I discovered that Michaels has an amazing thing. It’s a perfectly domed pan. That can go in the oven. And won’t melt or get distorted. For 16 dollars. HELLO NEW WORBLA BOOB-MOLD. I’M SO HAPPY TO HAVE FOUND YOU.
Can we just take a min to appreciate that the Adventure Zone is a podcast written and starring 3 straight Southern young men and their straight Southern father(not to imply all or even most southerners are homophobic bc obviously no, but im pretty sure you get the idea) and it has the best LGBT relations in something not centric on that that around? AND several nonbinary characters who are also treated with respect? And no one ever says anything or makes a big deal out of it. Just. Yeah, Carrey and Killian go to pottery nights together. Of course Taako gets a skirt as his summer outfit. No, they’re literally a bunch of clay in a suit of armor, why would they have a gender? So good. I wish everybody was like these guys.
Weapon of choice - The shield. A shield is a type of personal armor, meant to intercept attacks, either by stopping projectiles such as arrows or redirecting a hit from a sword, mace, battle axe or similar weapon to the side of the shield-bearer. Shields vary greatly in size, ranging from large panels that protect the user’s entire body to small models (such as the buckler) that were intended for hand-to-hand-combat use. Shields also vary a great deal in thickness; whereas some shields were made of relatively deep, absorbent, wooden planking to protect soldiers from the impact of spears and crossbow bolts, others were thinner and lighter and designed mainly for deflecting blade strikes. In prehistory and during the era of the earliest civilizations, shields were made of wood, animal hide, woven reeds or wicker. In classical antiquity, the Migration Period and the Middle Ages, they were normally constructed of poplar, lime or another split-resistant timber, covered in some instances with a material such as leather or rawhide and often reinforced with a metal boss, rim or banding. They were carried by foot soldiers, knights and cavalry. Depending on time and place, shields could be round, oval, square, rectangular, triangular, bilobal or scalloped. Sometimes they took on the form of kites or flatirons, or had rounded tops on a rectangular base with perhaps an eyehole. The shield was held by a central grip or by straps which went over or around the user’s arm. Often shields were decorated with a painted pattern or an animal representation and these designs developed into systematized heraldic devices during the High Middle Ages for purposes of battlefield identification.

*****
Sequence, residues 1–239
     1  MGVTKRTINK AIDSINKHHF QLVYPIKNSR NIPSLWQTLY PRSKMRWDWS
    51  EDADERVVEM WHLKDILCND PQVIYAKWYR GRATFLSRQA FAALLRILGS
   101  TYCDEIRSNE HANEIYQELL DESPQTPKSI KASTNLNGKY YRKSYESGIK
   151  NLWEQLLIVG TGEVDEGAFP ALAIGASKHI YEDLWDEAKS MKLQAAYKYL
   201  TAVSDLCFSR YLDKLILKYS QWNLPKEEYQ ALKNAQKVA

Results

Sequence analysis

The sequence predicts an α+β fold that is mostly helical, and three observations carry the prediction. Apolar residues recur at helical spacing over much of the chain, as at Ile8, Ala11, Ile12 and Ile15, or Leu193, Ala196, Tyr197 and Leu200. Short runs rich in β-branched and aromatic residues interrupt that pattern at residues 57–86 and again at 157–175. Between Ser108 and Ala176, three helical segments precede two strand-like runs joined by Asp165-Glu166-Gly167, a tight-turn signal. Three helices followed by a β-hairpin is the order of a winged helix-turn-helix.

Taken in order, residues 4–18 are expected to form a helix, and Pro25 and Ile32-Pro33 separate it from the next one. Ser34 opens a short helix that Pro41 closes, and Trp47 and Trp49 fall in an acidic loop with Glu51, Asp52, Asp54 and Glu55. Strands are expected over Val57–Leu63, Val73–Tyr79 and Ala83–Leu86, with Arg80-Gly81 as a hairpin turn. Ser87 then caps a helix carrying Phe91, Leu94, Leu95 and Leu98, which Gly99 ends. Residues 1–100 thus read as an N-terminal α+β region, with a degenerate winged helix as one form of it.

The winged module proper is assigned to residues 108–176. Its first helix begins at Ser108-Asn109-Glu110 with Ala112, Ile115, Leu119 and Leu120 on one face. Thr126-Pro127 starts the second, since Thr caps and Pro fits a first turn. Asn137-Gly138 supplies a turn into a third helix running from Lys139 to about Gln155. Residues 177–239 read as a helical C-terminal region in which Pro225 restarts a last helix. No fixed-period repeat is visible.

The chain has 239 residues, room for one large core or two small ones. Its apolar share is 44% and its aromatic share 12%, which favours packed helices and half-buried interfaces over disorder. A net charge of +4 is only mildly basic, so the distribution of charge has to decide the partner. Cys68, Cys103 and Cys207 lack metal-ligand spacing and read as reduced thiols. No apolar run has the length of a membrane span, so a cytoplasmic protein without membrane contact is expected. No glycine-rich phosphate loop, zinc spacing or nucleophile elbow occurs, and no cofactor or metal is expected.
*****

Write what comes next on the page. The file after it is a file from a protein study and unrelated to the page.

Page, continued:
My excellent friend and the wonderful cosplayer bookkbaby, whom I met a convention this year (along with their hand-constructed Castiel wings). I couldn’t stop marveling over the wings in real life, so when I found out they were building a suit of angelic armor, I asked to draw the whole outfit, and Booky generously agreed. I took a few artistic liberties here, but that armor is as amazing as it looks—in fact, I had to simplify a few of the details because there was just too much to draw! Thank you for letting me create your portrait, dear! <3
In the late ‘90s in Philadelphia [many robbers] would stage a traffic accident, the hopper would get out of the armored truck to see what was wrong, and a minivan would swing up to the side of the truck opening fire. Now when you see something like that start to go down, you throw the truck into reverse, hit the siren, and don’t stop driving until you’re safe or the engine block becomes so filled with blood that it hydro-locks. It’s actually company policy in that case to just plow right through the offending parties. They specifically tell us, “Go ahead and ram that car full speed; we have 30-ton trucks for a reason.”